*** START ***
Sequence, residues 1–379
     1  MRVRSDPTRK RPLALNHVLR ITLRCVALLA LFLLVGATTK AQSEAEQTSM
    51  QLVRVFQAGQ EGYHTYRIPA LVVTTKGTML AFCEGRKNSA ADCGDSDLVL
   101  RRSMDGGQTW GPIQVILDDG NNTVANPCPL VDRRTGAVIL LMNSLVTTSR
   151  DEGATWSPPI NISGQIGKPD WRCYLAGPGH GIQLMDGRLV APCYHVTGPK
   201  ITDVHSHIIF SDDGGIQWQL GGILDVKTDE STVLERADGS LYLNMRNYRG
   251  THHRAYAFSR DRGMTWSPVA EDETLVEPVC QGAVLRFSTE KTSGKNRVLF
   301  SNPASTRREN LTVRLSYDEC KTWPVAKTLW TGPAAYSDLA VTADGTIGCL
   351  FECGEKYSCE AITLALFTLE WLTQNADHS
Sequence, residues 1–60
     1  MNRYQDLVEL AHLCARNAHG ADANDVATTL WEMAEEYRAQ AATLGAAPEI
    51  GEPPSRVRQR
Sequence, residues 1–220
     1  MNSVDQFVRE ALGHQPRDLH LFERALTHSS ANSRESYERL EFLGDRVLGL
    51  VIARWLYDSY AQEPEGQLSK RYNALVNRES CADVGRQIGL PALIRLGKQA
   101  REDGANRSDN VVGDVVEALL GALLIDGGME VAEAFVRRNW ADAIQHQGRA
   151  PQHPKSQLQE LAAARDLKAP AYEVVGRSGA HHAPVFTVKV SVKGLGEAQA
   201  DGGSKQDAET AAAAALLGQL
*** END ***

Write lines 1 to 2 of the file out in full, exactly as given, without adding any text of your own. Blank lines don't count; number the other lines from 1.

Sequence, residues 1–379
     1  MRVRSDPTRK RPLALNHVLR ITLRCVALLA LFLLVGATTK AQSEAEQTSM